Past the familiar green pastures, farmers tend their morning chores, lives the bay. Its water green and brown, its sky grey. It is our prize, who’s waves stand tall to off shore winds. A little bit of whiskey from an old friends flask and a borrowed wetsuit are the only real things keeping me warm in the water. All other warmth is from the excitement, that feeling when you barely make it over the last two cresting waves and are safe on the outside. Trying to hold out, with aching muscles and salty eyes for the right one to come along. “You are mine you SOB, I love you, but you are mine” the Belgian would say, grinning from under his mutton chopped beard. Around the time all feeling is lost, it arrives. That feeling that makes it worth all the while.
Under the dull glow of the streetlamps, I can see him shuffling things about this home on wheels. Faintly, I hear him, in this silent part of the morning, that time that lingers before the tradesmen rise and the songbirds sing. Apparently, only the surfers are awake. He greets me in a fluid motion, part of his loading routine, packing my board strategically somewhere between the van couches, table and micro sink. The Belgian’s eyes are bright, they seem even brighter at this time in the morning. Between the two of us is just enough room to fit Lilly, who is barely visible in her puffer jacket. She becomes a sort of living pillow between myself and the Belgian. Someone turns on Black Box Revelation, and we sputter south.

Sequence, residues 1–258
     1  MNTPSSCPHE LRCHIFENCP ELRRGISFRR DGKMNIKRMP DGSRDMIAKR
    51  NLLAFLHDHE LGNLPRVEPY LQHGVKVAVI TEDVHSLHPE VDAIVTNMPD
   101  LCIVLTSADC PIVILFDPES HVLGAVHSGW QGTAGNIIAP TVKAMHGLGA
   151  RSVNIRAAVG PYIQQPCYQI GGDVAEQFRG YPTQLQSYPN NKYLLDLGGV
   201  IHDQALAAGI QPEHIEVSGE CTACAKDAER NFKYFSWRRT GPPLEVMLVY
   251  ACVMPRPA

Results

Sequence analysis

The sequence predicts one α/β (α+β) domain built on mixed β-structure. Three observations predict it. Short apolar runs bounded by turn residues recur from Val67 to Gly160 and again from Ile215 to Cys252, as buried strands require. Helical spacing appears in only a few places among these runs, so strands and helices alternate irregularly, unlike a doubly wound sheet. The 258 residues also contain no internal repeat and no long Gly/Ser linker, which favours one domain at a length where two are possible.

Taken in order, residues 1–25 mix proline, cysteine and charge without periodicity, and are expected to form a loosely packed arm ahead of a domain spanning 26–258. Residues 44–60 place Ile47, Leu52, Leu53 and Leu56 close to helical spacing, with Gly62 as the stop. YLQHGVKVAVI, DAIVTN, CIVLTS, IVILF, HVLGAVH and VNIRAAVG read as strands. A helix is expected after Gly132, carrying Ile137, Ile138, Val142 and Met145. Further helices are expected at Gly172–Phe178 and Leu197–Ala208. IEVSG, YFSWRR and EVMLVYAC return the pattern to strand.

Hot chocolate, cold air and double chocolate biscuits power our little convoy. For three hours, we pump like bloodcells in an asphalt vein, crossing the ventricles and junctions of this country,our destination largely unknown. Except for the Belgian, who leans over the steering wheel, recounting previous trips, all the while deftly rolling cigarettes. We talk of dead cats in boxes, the merits of cool and social vacuums. Lilly The Pillow interjects now and again, occasionally nodding off into what she calls “social sleeping”.